Science policy is increasingly shifting towards an emphasis on societal problems. As a result, new assessment tools are needed to help assess the articulation of research agendas with societal demands or needs. In this presentation, we show how the use of research portfolios can help in fostering the alignment between science supply and societal needs.
Improvements in data processing and visualization techniques, coupled with conceptual developments in risk analysis methods suggest that research portfolio approaches can also help in improving the performance of public R&D programs by identifying gaps and opportunities. They may also help in making more transparent the multiple goals of most public R&D programs – thus facilitating the alignment of research with its various welfare, environmental, security, and economic missions.
In this presentation we show how mapping methods to help identify research topics relevant for societal problems, such as obesity (Cassi et al. 2017), avian influenza (Wallace and Rafols, 2018), rice research, and disease research prioritisation in global health (Rafols and Yegros, 2018; Yegros et al., 2018).
For each issue, we first rely on bibliometric records and innovative mapping techniques to describe existing priorities in science production using various analytical schemes (biomedical or agricultural classifications, bottom-up co-word or topic modeling algorithms). Second, we look for policy datasets that can be used to capture (however partially) societal needs or concerns, such as EU parliament questions, WHO disease burden estimates, FAO economic data on rice uses. Third, we show how the comparison between the two sets of data may illuminate (mis)alignments between societal concerns and scientific outputs. We propose that this type of mapping methods can be useful to domain experts for informing strategic planning and evaluation in funding agencies.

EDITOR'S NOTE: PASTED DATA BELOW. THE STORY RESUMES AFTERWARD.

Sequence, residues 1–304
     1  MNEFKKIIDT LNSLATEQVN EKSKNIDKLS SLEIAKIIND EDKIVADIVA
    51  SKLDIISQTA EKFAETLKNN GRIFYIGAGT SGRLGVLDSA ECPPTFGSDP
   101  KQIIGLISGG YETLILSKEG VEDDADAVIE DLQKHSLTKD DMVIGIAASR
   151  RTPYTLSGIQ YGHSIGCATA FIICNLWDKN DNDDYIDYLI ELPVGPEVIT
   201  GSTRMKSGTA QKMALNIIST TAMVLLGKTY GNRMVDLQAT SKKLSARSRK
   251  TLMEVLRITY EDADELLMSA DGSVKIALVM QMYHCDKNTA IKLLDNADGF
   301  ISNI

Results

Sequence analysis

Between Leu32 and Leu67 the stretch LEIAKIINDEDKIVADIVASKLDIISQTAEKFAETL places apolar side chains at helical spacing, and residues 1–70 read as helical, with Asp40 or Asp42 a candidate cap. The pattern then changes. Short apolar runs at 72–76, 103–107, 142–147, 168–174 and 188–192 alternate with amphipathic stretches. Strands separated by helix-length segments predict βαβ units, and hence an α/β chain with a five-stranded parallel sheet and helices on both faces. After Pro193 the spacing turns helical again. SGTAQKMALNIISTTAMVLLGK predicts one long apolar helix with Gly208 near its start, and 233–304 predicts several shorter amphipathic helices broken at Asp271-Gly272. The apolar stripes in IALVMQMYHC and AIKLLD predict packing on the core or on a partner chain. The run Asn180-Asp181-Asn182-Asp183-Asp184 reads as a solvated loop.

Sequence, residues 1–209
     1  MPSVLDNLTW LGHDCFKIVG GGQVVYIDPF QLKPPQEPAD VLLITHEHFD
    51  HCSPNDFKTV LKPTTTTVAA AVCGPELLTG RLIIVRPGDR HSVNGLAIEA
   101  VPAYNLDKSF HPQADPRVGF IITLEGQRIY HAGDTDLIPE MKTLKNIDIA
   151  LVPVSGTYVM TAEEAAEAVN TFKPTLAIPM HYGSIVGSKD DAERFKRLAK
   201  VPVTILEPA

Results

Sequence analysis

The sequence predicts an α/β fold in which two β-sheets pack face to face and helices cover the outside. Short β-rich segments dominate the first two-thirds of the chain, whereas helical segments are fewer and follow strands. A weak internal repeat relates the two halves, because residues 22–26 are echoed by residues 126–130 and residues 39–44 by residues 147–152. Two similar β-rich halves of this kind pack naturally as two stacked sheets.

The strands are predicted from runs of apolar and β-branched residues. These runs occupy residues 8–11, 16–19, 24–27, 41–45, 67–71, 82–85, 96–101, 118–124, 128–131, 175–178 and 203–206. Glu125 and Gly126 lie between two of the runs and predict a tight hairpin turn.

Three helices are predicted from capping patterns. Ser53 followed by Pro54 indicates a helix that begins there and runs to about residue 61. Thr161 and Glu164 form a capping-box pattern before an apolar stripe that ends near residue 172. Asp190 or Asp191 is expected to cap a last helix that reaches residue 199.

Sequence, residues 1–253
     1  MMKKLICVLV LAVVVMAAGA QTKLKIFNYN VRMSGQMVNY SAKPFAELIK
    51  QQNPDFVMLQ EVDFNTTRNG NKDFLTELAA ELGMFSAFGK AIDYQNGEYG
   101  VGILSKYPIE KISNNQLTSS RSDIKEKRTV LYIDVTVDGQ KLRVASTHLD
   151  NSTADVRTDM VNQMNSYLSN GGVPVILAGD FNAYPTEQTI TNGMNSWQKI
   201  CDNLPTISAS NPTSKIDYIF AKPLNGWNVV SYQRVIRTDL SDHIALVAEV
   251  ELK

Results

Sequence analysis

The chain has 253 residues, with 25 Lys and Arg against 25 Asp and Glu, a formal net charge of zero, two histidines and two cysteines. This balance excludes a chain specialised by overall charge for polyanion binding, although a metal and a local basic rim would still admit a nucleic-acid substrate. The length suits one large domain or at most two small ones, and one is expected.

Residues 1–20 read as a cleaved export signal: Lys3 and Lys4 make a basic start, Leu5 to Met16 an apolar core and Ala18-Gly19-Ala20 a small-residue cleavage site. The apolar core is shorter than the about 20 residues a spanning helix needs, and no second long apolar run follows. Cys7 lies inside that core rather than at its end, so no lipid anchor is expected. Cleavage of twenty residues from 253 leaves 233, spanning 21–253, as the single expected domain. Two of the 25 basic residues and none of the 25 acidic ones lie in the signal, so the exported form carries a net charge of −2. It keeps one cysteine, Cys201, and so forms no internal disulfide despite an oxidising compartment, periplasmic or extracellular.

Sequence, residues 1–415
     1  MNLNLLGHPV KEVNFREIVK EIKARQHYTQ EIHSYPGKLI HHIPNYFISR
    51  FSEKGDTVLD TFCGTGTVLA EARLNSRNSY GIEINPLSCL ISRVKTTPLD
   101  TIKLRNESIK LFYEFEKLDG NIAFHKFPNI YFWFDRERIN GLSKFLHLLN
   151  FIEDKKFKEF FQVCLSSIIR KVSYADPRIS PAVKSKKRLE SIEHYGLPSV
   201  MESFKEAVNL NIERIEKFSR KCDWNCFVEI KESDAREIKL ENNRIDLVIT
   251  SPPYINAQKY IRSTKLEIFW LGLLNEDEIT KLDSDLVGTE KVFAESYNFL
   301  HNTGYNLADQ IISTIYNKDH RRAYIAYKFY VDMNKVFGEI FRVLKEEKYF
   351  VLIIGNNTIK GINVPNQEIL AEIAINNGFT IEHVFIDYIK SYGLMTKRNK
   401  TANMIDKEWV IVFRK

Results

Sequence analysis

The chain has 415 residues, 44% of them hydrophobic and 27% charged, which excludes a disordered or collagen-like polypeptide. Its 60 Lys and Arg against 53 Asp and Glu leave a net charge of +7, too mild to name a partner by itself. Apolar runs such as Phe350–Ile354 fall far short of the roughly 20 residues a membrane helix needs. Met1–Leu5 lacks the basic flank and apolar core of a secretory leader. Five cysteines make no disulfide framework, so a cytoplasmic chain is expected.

About the speaker
I am a research fellow at Ingenio (CSIC-UPV, València), visiting professor at the Centre for Science and Technology Studies (CWTS) of Leiden University and associate faculty at SPRU (Univ. Sussex, Brighton), where I worked from 2004 to 2012. I investigate how to make a more plural and inclusive use of S&T indicators for informing evaluation, funding and research strategies. My two main research topics are inclusive metrics and priority setting in S&T.
I received an MSc in Science and Technology Policy from SPRU (Sussex), a BSc in Physics from the Univ. Barcelona, a PhD in biophysics from Tohoku University (Sendai, Japan) and was a postdoc in nanobiotechnology at Cornell University in 2001. In between academic positions, I have worked on international cooperation in Oxfam (1994) and the City Council of Barcelona (2003-04).
Venue: Conference room (0.16 & 0.17)
Date: 19 April 2018
Time: 12:00 - 13:00